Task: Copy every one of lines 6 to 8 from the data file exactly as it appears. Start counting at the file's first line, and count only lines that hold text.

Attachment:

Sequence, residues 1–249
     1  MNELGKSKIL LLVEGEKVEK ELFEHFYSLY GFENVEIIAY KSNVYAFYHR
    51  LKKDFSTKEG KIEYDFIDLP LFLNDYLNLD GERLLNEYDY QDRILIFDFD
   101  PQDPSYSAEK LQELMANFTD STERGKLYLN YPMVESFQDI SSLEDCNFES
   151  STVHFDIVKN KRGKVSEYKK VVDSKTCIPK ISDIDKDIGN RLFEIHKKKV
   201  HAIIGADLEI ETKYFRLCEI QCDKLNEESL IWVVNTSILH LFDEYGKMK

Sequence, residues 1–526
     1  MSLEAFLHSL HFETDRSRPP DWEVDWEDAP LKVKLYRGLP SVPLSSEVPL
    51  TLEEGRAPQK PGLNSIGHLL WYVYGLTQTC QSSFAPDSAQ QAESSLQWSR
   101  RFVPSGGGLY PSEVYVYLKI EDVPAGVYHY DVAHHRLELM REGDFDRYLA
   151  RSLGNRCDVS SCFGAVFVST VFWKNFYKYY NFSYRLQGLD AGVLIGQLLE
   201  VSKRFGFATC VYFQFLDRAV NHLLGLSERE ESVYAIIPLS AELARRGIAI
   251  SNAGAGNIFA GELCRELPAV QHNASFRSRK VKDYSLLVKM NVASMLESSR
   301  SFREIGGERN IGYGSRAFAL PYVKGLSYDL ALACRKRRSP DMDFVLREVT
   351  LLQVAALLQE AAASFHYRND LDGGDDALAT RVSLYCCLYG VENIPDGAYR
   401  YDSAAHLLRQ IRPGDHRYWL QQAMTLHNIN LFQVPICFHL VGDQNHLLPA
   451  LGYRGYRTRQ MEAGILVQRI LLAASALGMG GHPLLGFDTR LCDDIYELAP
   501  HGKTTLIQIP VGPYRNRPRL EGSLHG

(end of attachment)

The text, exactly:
   201  HAIIGADLEI ETKYFRLCEI QCDKLNEESL IWVVNTSILH LFDEYGKMK

Sequence, residues 1–526
     1  MSLEAFLHSL HFETDRSRPP DWEVDWEDAP LKVKLYRGLP SVPLSSEVPL